SQL, the Skype/Lync “Backend” server that can perform many or few functions for Skype depending on Enterprise or Standard type deployments. Often times it’s left as “can someone else take care of it?”. Then I get called because someone’s implementation can’t create new meetings, users can’t be added, or any number of oddness starts happening when the RTCXDS database is maxed out. The other lovely issue is when someone deletes the account that was used to install Skype/Lync, and proper preparations haven’t been made to the SQL permissions and the SA account wasn’t enabled, or the password forgotten… Real good times.
If you do not have a dedicated SQL resource, who typically would be doing this anyway, I suggest setting up a SQL Admin group. For this demonstration I will create one called “Skype SQL Admin”, for an environment that has two Skype Enterprise Pools, with two pairs of SQL 2012 Mirrored servers with a SQL 2012 Express for Witness. Some environments I’ve known set up a SQL group for each SQL server, but as these servers are all dedicated to one purpose, one group will suffice.
- Create one Universal Security Group, e.g. Skype SQL Admin
- Add relevant users to this group, or add CSAdministrators/RTCUniversalServerAdmins groups.
- On each Skype SQL server, add the above group to the local Administrators group. This should allow members of that group to log onto the server, but access to SQL will be very limited, to the point you may only see 3 or 4 logins under Security | Logins.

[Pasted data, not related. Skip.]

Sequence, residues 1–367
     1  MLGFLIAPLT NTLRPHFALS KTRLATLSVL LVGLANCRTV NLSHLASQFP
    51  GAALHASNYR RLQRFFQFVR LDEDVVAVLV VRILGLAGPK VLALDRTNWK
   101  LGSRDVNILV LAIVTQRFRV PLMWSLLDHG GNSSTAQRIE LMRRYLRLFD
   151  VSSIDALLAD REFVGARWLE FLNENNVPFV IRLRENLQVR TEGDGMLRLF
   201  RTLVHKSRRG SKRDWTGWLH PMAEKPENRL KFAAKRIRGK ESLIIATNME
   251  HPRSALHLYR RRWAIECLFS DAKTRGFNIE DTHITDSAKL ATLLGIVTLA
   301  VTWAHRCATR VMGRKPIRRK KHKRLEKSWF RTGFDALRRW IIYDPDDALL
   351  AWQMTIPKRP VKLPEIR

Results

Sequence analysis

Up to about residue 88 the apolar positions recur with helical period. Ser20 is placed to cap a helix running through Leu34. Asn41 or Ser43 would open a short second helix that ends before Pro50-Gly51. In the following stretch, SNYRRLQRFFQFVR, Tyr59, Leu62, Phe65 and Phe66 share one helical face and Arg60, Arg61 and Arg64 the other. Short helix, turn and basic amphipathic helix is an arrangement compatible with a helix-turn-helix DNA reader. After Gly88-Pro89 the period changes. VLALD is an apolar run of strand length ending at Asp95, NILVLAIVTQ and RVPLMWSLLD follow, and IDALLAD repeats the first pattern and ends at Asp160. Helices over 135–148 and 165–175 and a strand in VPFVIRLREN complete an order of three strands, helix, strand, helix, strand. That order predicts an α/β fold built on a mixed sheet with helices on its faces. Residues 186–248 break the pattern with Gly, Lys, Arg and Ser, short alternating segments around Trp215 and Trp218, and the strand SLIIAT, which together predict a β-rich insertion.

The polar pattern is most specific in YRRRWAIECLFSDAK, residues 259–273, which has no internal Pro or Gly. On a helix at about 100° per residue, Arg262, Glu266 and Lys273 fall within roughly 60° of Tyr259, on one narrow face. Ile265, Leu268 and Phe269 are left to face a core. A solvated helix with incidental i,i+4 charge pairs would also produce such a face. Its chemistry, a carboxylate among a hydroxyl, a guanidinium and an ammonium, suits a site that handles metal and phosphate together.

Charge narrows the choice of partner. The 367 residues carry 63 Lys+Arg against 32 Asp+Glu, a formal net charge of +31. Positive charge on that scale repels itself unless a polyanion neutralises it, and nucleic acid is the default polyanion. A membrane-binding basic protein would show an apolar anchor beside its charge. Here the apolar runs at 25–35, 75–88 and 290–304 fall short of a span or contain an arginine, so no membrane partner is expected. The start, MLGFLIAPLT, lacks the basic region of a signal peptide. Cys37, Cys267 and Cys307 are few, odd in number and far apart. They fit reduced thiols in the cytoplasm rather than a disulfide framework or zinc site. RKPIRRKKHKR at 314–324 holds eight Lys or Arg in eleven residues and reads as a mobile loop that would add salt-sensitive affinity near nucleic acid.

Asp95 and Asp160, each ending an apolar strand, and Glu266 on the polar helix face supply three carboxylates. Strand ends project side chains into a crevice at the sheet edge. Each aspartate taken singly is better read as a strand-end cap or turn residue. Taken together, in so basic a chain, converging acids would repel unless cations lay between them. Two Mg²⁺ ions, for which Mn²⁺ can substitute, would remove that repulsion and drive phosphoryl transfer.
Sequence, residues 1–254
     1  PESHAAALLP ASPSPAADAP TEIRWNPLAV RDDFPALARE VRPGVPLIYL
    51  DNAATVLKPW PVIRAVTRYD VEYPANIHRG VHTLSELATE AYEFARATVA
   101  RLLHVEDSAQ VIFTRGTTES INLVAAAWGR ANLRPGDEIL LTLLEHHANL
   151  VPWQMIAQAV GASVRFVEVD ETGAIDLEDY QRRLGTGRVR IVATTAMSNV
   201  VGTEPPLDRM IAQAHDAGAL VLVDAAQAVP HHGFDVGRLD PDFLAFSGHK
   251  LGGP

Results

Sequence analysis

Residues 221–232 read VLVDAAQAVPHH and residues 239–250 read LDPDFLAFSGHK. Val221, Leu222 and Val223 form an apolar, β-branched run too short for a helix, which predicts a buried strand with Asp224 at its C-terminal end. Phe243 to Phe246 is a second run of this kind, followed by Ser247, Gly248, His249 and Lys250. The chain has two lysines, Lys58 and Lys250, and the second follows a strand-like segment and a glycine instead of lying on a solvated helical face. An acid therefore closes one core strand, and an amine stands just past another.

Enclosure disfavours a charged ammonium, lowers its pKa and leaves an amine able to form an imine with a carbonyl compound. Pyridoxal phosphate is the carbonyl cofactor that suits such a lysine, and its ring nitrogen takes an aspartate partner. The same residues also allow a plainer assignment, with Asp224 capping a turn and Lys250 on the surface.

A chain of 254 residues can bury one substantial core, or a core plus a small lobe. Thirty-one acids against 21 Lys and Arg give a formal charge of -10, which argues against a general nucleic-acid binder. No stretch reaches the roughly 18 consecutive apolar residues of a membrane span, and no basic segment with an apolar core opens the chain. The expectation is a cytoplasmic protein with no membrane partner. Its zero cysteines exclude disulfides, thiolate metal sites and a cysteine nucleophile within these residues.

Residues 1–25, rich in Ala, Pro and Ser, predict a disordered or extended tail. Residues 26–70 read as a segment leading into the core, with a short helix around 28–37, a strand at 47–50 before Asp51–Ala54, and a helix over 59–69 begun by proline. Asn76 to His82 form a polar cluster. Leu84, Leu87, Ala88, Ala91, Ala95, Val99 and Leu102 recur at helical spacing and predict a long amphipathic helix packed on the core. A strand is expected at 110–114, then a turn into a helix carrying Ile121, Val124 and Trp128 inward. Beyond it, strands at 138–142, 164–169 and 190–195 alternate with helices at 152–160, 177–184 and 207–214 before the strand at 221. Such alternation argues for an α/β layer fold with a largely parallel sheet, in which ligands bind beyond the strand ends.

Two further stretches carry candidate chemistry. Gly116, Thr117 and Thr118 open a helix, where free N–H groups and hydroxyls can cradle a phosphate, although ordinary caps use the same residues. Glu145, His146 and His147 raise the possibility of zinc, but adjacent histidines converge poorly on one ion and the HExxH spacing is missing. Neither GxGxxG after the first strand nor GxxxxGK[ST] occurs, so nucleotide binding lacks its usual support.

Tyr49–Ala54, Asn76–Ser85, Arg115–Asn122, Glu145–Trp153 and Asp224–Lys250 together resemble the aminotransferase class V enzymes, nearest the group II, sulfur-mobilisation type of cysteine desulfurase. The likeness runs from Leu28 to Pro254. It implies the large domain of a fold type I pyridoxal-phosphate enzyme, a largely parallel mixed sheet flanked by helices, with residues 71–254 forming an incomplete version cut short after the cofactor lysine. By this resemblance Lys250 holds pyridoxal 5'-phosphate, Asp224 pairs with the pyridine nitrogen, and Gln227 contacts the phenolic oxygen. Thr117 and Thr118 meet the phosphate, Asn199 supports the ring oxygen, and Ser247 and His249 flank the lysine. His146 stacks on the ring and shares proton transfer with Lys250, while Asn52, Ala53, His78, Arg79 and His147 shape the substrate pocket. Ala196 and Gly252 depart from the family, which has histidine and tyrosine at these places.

- With an account that does have SysAdmin to the SQL server, open up the SQL Server Management Studio and Connect. If you look under that same Logins container, you should see 12+ users and groups listed, include several more RTC Universal groups.
- Right-click Logins, select New Login.
- Click Search
- Click Object Types button and check Groups
- Click Locations button and select either Entire Directory or the specific domain
- Enter Skype SQL Admin, click Check Names, click OK.
- In the upper left pane, select the Server Roles page.
- Add checkmark to SysAdmin. Click Ok
- Done. Log in with account that was added to the selected group.
Be sure to discuss any changes with your SQL admins, if you have them, as well as to confirm that there is another account to Sysadmin access the databases.